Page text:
BBC Conductor Marin Alsop believes “music is all about living in the positive”. As one of the few women to reach the top of her profession, she’s embarked on a music programme to reach 10,000 children and to create opportuinites for girls and women to follow in her footsteps. Worthwhile links: The tyranny of low … Continue reading High Expectations: Marin Alsop
Beena Raghavendran: At the school, recess is made up of clear adult-facilitated activities. On a day last week, a kindergartner said he wanted to play basketball. A recess coach explained that wasn’t a choice at the time; he decided to play another game. Melissa Jackson, the principal at Forest, used Playworks when she was principal … Continue reading “Structured Play” & Recess Consultants
In one of Kurt Vonnegut’s most enduring short stories, Harrison Bergeron, everyone is finally equal thanks to the efforts of the Handicapper General. However, one of the many lasting messages of the story is a derisive one. In the futuristic world of Harrison Bergeron, accomplishment is no longer the measure of stature. Instead, it is all about trying, of recognizing effort, regardless of result.
However, a recent summary of three decades of research reveals that when it comes to raising smart children, developing their work ethic is in fact the most critical component. Whether it is success in school or in life, research indicates that innate intelligence and ability are simply not as important as a person’s level of effort.
Much to its credit, the Madison school board has mostly ignored the March 2007 recommendations of the district’s Equity Task Force. This earnest but unhelpful committee delved into the abstractions of what distinguishes “equity” from “equality,” how the board might commit to equity and what esoteric guidelines could measure that commitment.
This point needs to be emphasized. Madisonians aren’t afraid to tax themselves. They just want good services in return and know that their money isn’t being wasted.
But I can’t for the life of me see them rallying around a pompous and abstruse equity policy, especially one that reads like it was formulated by the UW Department of Leftwing Social Engineering. (Example: “Equity will come about when we raise a generation of children tolerant of differences and engaged in their democracy to stop the processes leading to inequity.”)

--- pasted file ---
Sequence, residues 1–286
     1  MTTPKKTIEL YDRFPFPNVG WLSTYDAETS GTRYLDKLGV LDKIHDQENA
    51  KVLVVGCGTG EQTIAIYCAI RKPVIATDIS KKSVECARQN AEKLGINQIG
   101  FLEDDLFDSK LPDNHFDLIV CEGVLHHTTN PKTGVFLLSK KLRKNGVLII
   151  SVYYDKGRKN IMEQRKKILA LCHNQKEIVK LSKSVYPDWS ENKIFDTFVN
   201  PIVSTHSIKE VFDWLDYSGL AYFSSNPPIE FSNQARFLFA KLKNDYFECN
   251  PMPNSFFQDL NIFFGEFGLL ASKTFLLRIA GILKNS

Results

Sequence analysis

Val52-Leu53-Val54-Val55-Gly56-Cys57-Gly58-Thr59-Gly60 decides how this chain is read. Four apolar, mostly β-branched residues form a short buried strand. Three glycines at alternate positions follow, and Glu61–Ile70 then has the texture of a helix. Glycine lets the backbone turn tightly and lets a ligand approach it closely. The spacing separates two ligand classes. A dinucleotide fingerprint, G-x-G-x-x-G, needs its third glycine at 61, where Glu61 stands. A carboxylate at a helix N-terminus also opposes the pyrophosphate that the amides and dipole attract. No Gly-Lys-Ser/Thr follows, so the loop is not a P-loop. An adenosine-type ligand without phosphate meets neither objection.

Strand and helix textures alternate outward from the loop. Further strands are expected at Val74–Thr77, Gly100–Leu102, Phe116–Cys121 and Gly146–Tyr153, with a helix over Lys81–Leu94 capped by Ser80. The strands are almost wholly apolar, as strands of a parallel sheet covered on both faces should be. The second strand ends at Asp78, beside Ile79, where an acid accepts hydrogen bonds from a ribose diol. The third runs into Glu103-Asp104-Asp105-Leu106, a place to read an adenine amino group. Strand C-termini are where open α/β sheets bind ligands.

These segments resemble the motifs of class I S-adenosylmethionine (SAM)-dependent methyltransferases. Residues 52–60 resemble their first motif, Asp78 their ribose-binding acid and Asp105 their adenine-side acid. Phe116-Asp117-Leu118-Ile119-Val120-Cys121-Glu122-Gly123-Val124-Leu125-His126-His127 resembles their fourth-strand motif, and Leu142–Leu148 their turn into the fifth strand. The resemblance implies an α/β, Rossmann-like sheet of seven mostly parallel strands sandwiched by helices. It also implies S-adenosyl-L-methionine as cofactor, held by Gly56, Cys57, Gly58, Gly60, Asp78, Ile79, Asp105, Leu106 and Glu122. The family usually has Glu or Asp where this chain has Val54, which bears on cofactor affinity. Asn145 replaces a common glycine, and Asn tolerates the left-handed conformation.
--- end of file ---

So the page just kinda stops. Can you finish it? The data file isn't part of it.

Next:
The school board, after a suitable 14-month delay, should politely shelve the task force’s recommendations when it finally gets around to voting on them in May.
Kurt Vonnegut’s Harrison Bergeron provides a timely read after Marc’s article.
Tamar Lewin: According to the second annual report from the College Board, which administers the Advanced Placement program, about 60 percent of American high schools now offer Advanced Placement courses, and the average high school offers a choice of eight such courses. “The number of students participating in A.P. has more than doubled in 10 … Continue reading AP Program Gaining Increasing Prominence Nationwide
“The greatest asset of the American, so often ridiculed by Europeans, is his belief in progress,” Victor Vinde, in 1945 Mary Kay Battaglia recently wrote about the virtual non-existence of electronic communication with parents in the Madison School District. I agree with Mary Kay’s comments. Having said that, I believe that any District technology investment … Continue reading K-12 Schools & Technology
John Tierney writes: At one level, the debate is over current controversies in public education: Many parents believe that their children, mostly in elite schools, are being pushed too hard in a hypercompetitive atmosphere. But other parents are complaining about a decline in programs for gifted children, leaving students to languish in “untracked” and unstimulating … Continue reading Celebrating Mediocrity?